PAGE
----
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HomeNewsAuditor General says long-term transportation plan still needed in Northern BC

Auditor General says long-term transportation plan still needed in Northern BC

Three years since bringing in the BC Bus North program, the Ministry of Transportation and Infrastructure is still working on a long-term transportation plan, according to a new report by the Office of the Auditor-General.

Greyhound Canada withdrew bus service in our region during 2018 and no other private company has come forward since that time to fill the void.

In June of that year, the ministry directed BC Transit to provide a 12-month bus service – BC Bus North – while the ministry said it would work with communities to find a long-term solution.

According to the report, interim funding for the service has been extended three times – the most recent one announced in March of this year.

“Northern B.C. is an area larger than the entire country of France and the bus is a lifeline for many residents in places like Prince George, Prince Rupert, Fort Nelson, and Valemount,” said Michael Pickup, auditor general.

“People depend on the bus to get to jobs in other communities, access essential services like health care, go to school, or visit family and friends.”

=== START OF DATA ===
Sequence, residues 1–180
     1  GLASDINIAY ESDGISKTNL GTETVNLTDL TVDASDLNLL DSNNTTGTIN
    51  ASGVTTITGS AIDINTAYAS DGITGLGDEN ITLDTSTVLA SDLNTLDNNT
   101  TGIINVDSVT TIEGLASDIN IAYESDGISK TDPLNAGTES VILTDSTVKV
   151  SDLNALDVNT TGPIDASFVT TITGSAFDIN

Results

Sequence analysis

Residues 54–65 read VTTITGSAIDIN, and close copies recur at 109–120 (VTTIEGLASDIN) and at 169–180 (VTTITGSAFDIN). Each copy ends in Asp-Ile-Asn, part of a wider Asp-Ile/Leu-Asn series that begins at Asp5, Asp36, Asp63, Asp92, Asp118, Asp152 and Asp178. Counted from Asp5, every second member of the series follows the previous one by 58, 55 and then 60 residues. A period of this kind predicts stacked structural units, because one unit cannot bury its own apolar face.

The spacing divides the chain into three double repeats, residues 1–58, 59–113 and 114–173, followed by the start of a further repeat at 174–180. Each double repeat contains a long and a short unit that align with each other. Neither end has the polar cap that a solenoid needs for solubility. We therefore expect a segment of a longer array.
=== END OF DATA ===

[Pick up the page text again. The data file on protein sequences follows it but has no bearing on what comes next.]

In its report, Ensuring Long-distance Ground Transportation in Northern B.C., Pickup and his office finds that the ministry ensured BC Transit delivered interim services to half of the former Greyhound stops near communities and is working on a province-wide intercity ground transportation plan.

However, it is not clear how this work will address the needs of northern residents.

“The ministry has made progress in its planning but needs to make clear how its province-wide plan will support northern B.C. specifically,” Pickup said.

“Northern regions have particular transportation needs – the distances are vast, roads can be treacherous and alternatives are few. People’s livelihoods are on the line. I hope the ministry will consult with northern residents to ensure that the plan meets the unique needs of the region.”

The audit also found:

* BC Bus North routes reach 35 of the 62 stops near communities that Greyhound served.

* Trips are less frequent, reduced to once or twice a week, compared to the daily trips on most Greyhound routes.

* Fares are lower than Greyhound’s were.

* The ministry has done some community engagement on the bus service and community needs, with broader consultation limited by pandemic restrictions.

* The ministry monitored financial data, but not all of the reports that it was supposed to.

To view a link to the full report, click here.


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